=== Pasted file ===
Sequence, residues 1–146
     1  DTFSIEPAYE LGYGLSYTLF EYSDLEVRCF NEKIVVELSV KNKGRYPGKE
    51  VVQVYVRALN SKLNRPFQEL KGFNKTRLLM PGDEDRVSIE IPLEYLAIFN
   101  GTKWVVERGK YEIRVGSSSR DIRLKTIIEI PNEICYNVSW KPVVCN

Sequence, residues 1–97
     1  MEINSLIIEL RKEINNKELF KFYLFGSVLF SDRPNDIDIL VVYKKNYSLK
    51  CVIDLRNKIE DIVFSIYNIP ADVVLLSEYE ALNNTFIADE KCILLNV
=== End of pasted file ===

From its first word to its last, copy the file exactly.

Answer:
Sequence, residues 1–146
     1  DTFSIEPAYE LGYGLSYTLF EYSDLEVRCF NEKIVVELSV KNKGRYPGKE
    51  VVQVYVRALN SKLNRPFQEL KGFNKTRLLM PGDEDRVSIE IPLEYLAIFN
   101  GTKWVVERGK YEIRVGSSSR DIRLKTIIEI PNEICYNVSW KPVVCN

Sequence, residues 1–97
     1  MEINSLIIEL RKEINNKELF KFYLFGSVLF SDRPNDIDIL VVYKKNYSLK
    51  CVIDLRNKIE DIVFSIYNIP ADVVLLSEYE ALNNTFIADE KCILLNV